You don't need to make a pattern of the entire floor. A wallpaper pattern of the PERIMETER of the floor is sufficient to mark and cut the linoleum or sheet vinyl accurately enough.

The purpose of making the wallpaper pattern with the glue side up is so you can write on the wallpaper. You can label the walls and doors on the paper pattern because it'll be hard to remember what's what once you're looking at only the pattern. Also, some walls will have baseboards that you'll be removing (to cover the cut edge of the linoleum) whereas cabinets probably won't have baseboards around them, only a bead of caulk. So, you need to make the cuts for the cabinets more accurately than those for the walls since the cuts along the walls will be hidden under he baseboards. With the cabinets, you'll only have a bead of caulk to hide the cut edge of the linoleum.

2. Spread your 12 foot wide roll of linoleum or sheet vinyl out in a large area like a clean basement or garage floor, or even in your front yard if there's no wind. If you spread the wallpaper pattern out in your yard, it's best to have something stiff, like a piece of plywood you can slide along under the sheet vinyl or linoleum to mark and cut on.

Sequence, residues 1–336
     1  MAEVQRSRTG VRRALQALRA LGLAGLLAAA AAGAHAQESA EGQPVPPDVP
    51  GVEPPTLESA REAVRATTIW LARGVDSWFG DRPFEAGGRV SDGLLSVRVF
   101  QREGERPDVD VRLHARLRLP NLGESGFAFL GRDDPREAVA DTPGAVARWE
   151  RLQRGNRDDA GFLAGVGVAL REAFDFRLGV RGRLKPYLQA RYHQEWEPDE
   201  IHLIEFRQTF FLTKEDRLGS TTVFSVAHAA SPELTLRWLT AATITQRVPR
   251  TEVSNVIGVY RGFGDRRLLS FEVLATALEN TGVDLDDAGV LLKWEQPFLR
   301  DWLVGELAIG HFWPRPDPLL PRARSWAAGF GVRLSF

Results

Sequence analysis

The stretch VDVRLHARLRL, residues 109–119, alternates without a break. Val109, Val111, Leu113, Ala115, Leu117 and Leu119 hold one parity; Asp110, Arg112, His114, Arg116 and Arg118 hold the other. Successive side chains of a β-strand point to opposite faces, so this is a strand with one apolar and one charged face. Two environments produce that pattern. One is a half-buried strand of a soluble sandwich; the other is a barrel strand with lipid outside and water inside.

Now, put your wallpaper pattern on top of your linoleum. Since the pattern was made with the wallpaper glue side up, you want the linoleum to be right side up and put the pattern on the sheet vinyl glue side up too. Otherwise you'll end up making a mirror image of the room's floor plan.

Once the wallpaper pattern is on the linoleum, the first thing to do is to align the most visible baseboard in the room with any "square" pattern embossed on the linoleum or sheet vinyl. If you don't align the pattern with the "grout lines" (for example) on linoleum that looks like ceramic tiles, then the "ceramic tiles" will look like they were installed crooked in the room when the linoleum is installed. Real ceramic tiling would be installed parallel to the real walls in a room, so you need to ensure that the most visible baseboard(s) in the real room are parallel to any embossed pattern on the linoleum or sheet vinyl.

Use short pieces of masking tape to tape the pattern down to the sheet vinyl every 3 or 4 feet to prevent it from moving.